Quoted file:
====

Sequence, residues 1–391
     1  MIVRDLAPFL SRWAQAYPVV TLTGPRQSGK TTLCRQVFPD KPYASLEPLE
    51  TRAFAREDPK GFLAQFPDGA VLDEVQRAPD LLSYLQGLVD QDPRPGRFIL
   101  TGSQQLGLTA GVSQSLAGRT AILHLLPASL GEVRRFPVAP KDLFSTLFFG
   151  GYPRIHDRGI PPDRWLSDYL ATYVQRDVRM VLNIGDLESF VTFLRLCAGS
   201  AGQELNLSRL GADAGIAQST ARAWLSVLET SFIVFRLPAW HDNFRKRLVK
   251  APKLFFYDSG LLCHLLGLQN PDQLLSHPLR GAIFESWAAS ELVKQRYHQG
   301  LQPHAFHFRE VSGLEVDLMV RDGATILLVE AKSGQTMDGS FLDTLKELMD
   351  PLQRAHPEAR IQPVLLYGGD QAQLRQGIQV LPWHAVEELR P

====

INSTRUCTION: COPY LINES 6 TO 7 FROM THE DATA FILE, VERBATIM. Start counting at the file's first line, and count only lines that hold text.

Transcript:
   201  AGQELNLSRL GADAGIAQST ARAWLSVLET SFIVFRLPAW HDNFRKRLVK
   251  APKLFFYDSG LLCHLLGLQN PDQLLSHPLR GAIFESWAAS ELVKQRYHQG